While I don’t have the space for a several-hour dissertation on the origins of the ocular surface, virtually all of my insight stems from each system’s original functional intent. In that sense, I am very much an originalist.

Ultimately, true understanding comes from connecting with our patients, appreciating their current clinical situation, and figuring out how normal function and systems that evolved over eons can go awry, even as homeostasis remains the body’s number one systemic priority. I suspect Justice Scalia would have made a brilliant clinician.


Arthur B. Epstein, OD, FAAO
Chief Medical Editor


Want to share your perspective? Write to Dr. Epstein at artepstein@optometricphysician.com.

The views expressed in this editorial are solely those of the author and do not necessarily represent the opinions of the editorial board, Jobson Medical Information LLC (JMI), or any other entities or individuals.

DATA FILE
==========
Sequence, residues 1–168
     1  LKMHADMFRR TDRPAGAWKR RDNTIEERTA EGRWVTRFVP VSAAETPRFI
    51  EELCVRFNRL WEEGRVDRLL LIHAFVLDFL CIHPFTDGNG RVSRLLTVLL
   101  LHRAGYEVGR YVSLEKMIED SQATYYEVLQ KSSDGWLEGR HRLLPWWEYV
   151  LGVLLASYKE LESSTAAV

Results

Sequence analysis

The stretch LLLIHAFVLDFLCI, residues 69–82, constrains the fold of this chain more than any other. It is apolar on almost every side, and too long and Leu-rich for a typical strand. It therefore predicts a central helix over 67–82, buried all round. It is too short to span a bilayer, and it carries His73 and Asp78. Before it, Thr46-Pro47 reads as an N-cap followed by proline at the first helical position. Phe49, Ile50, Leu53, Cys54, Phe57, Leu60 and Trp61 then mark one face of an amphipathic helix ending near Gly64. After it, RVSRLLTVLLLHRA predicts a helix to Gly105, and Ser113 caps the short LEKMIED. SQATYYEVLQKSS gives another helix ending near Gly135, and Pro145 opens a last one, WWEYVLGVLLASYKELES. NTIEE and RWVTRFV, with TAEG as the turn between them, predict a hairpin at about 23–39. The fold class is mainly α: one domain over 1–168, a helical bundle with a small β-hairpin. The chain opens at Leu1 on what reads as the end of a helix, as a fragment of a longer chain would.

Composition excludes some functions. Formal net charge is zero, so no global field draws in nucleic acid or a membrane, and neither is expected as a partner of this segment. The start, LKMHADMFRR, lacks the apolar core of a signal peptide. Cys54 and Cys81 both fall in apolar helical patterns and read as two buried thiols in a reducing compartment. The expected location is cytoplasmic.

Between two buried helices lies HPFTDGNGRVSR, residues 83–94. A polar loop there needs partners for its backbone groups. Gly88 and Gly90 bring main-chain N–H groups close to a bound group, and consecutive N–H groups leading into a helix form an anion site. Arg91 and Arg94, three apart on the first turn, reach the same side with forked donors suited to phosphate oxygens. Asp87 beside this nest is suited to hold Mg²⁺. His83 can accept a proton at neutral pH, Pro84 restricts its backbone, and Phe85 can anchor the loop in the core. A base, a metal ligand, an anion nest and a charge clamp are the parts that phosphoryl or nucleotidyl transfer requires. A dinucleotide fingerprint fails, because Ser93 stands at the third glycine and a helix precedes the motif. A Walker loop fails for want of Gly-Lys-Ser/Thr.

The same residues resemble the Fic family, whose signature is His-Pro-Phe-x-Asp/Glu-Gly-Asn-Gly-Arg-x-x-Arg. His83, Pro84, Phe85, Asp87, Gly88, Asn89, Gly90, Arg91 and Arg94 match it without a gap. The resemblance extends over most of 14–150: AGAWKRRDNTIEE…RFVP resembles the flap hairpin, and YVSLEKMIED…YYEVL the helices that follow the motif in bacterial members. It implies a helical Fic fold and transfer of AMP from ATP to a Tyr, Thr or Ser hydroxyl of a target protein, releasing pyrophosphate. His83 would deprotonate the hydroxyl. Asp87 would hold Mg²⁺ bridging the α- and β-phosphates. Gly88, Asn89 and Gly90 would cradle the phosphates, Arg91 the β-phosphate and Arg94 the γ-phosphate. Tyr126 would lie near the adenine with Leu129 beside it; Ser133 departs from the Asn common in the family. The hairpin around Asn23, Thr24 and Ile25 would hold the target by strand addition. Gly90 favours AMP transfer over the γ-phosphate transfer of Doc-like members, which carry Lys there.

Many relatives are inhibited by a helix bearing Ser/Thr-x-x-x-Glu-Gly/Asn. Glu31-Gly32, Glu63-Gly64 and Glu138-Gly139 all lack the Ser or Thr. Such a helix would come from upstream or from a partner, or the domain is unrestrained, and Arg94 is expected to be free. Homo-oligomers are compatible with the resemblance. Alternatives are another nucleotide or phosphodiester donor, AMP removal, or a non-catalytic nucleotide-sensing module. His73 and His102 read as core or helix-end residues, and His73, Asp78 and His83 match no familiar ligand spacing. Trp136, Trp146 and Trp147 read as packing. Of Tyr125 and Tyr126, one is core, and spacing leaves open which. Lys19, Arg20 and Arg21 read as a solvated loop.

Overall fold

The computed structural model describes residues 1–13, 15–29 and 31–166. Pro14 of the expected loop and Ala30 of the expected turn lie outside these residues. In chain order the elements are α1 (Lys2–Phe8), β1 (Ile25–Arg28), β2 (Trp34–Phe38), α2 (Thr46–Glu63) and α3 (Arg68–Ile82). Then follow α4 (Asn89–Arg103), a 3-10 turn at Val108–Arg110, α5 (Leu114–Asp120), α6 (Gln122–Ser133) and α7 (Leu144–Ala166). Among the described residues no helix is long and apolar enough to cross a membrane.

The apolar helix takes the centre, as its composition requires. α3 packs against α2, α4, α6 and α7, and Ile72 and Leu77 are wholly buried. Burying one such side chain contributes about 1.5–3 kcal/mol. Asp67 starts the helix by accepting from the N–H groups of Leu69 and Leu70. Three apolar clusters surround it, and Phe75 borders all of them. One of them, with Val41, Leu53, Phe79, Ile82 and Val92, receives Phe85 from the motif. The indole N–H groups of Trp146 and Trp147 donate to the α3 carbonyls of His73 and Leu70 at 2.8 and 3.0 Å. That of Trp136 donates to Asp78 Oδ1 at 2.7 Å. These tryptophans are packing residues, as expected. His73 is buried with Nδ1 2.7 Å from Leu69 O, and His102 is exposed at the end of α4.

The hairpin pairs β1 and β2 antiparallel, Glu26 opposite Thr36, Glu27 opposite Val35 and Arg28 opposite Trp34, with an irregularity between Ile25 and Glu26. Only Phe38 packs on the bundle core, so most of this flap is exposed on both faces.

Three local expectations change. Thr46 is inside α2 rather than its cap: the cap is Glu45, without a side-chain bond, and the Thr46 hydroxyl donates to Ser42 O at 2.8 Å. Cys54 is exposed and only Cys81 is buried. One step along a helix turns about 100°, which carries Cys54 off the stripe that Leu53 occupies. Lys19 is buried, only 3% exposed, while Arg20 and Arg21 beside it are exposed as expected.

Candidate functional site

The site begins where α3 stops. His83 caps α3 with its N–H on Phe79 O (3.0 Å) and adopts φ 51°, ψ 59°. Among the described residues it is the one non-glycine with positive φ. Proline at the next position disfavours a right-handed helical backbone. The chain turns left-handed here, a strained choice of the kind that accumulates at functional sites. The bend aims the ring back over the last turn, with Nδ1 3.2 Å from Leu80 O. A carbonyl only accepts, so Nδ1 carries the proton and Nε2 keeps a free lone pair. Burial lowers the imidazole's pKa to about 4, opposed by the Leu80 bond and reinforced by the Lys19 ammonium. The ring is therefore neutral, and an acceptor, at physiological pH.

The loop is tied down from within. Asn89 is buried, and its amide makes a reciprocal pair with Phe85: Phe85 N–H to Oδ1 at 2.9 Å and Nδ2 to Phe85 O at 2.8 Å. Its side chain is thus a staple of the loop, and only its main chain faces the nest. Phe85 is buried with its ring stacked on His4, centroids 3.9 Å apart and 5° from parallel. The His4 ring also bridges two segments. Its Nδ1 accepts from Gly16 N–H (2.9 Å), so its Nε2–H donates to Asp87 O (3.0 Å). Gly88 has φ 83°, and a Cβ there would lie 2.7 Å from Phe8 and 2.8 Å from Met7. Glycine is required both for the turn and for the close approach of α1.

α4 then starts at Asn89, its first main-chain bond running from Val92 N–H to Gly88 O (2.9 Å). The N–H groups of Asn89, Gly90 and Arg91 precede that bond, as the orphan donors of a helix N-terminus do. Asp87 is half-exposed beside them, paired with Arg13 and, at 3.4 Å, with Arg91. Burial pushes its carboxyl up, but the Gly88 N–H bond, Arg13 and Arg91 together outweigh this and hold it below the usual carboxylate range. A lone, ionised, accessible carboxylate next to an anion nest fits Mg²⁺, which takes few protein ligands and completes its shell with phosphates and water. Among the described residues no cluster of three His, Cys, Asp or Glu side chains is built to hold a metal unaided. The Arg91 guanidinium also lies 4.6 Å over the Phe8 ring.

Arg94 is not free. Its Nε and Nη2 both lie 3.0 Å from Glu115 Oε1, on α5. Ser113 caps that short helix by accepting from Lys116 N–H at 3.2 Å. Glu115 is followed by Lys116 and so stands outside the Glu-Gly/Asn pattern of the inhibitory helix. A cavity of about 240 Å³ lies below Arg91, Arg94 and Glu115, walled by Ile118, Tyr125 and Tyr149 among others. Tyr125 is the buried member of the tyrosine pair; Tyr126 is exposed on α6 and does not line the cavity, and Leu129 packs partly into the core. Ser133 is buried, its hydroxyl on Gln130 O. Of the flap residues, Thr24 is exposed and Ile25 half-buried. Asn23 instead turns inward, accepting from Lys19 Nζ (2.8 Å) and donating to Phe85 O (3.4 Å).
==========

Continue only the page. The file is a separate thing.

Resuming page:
Corneal Limbal Stem Cell Deficiency in Children with Stevens-Johnson Syndrome
These researchers determined the incidence of corneal limbal stem cell deficiency (LSCD) as chronic ocular sequelae in children with Stevens-Johnson syndrome (SJS)/toxic epidermal necrolysis (TEN) and analyzed the factors associated with LSCD development. Medical records were reviewed of pediatric patients who had been admitted to Seoul National University Hospital with SJS/TEN and diagnosed as having acute ocular involvement. For each record, the following data were collected: demographic information, underlying diseases, causative agents, acute systemic and ocular manifestations, systemic and ocular treatments, chronic ocular complications including LSCD and visual acuities.